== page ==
Live Review: Bob Dylan, Wilco, and My Morning Jacket
To understand why My Morning Jacket is the most overrated band in modern rock, one had only to hear their attempt to recreate the Bandâ€™s arrangement of the Marvin Gaye song, â€śDonâ€™t Do It,â€ť at the Americanarama Festival at Merriweather Post Pavilion Tuesday. Jim Jamesâ€™ blaring, unfocused guitar noodling made him, if not the Anti-Christ, at least the Anti-Robbie Robertson. True, James possesses an astonishing vocal instrument, but so does Mariah Carey, and Jamesâ€™ diva-like wailingâ€”mostly vowels and few consonantsâ€”made him the Anti-Marvin. And Patrick Hallahanâ€™s drummingâ€”simultaneously stiff and clutteredâ€”made him the Anti-Levon.
To understand why Jeff Tweedy is the weak link in the Wilco chain, one had only to hear the bandâ€™s live version of â€śDawned on Meâ€ť in the set following My Morning Jacketâ€™s. It wasnâ€™t Tweedyâ€™s high-school-poetry lyrics nor his repeating-ad-nauseum, sing-song melody that made the song so appealing. It was the never-predictable sound pouring out of Nels Clineâ€™s doublenecked guitar, which helpfully obscured the words and added the missing dramatic tension to the music. And the crackerjack rhythm section of bassist John Stirratt, drummer Glenn Kotche and keyboardists Pat Sansone and Mikael Jorgensen tightened and loosened that tension incompelling fashion.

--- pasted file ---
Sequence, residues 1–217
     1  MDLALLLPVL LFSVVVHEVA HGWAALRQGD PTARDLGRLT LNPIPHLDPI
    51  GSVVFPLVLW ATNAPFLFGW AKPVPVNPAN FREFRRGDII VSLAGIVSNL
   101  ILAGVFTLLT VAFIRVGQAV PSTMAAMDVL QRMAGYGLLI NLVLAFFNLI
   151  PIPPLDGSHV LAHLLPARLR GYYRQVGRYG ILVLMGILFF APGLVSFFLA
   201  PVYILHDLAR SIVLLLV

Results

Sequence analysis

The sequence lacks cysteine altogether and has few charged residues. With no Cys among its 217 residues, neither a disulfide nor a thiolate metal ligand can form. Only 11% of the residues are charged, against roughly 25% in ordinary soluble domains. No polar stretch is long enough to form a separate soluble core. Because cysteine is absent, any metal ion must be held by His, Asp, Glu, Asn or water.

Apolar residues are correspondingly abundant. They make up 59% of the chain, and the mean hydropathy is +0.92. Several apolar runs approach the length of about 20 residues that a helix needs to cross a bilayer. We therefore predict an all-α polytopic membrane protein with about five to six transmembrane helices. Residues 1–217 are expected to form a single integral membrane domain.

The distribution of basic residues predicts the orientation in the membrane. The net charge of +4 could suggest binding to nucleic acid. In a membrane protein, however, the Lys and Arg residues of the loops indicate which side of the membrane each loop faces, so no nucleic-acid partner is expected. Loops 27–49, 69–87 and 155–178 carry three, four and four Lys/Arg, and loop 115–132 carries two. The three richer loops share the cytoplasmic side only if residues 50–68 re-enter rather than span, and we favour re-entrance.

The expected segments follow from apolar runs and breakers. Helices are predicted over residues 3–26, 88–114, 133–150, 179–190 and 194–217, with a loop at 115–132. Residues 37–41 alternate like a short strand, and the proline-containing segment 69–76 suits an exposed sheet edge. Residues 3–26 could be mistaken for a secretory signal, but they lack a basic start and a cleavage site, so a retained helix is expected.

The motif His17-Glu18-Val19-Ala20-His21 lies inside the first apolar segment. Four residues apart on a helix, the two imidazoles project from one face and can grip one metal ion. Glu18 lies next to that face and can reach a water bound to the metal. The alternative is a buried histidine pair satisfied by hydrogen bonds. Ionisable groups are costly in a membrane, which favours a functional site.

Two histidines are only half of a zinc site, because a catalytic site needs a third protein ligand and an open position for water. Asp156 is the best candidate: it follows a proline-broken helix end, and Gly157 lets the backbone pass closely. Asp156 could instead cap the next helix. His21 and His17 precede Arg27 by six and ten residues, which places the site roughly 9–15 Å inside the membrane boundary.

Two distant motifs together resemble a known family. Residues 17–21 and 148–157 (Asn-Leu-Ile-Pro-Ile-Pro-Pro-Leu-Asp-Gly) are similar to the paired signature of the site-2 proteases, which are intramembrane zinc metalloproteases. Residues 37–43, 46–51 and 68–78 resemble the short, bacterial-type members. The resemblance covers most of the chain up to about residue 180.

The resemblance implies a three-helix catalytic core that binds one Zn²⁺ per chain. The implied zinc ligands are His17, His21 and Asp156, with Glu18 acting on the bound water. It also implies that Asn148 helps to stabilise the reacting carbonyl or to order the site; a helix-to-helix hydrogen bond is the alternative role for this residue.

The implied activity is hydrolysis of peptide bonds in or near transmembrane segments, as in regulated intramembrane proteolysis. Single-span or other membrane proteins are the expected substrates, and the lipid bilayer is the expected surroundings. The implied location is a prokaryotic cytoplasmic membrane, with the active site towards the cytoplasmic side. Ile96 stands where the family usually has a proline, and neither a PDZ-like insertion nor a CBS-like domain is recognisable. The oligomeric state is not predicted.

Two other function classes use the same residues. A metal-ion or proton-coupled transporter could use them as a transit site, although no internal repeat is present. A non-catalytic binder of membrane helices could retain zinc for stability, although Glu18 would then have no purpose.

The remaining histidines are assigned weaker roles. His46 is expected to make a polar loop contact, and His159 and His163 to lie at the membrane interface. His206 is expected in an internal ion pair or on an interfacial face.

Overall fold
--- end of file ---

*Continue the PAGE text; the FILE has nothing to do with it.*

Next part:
To understand why Bob Dylanâ€™s 21st century work is nearly the equal of his 20th century work, one had only to hear his live version of â€śHigh Water (For Charley Patton)â€ť during his headlining set on Tuesday. Dressed in a blue jacket with gold buttons, his frizzy, curly hair rising like smoke off his head, Dylan stood at the microphone without an instrument and transformed the 1927 flood of the Mississippi River into a vision of end times. Backed by longtime accompanists Donnie Herron on banjo, Tony Garnier on bass, rhythm guitarist Stu Kimball and drummer George Recife and by guitarist Colin Linden, hired nine days earlier, Dylan sang with a clearer voice and more restraint than in recent years. Having described thunder over Clarksdale, water in the streets of Vicksburg and coffins floating in that water, he sang, â€śI canâ€™t be happy unless youâ€™re happy too.â€ť Then he paused significantly and in his most serrated rasp, added, â€śItâ€™s bad out there.â€ť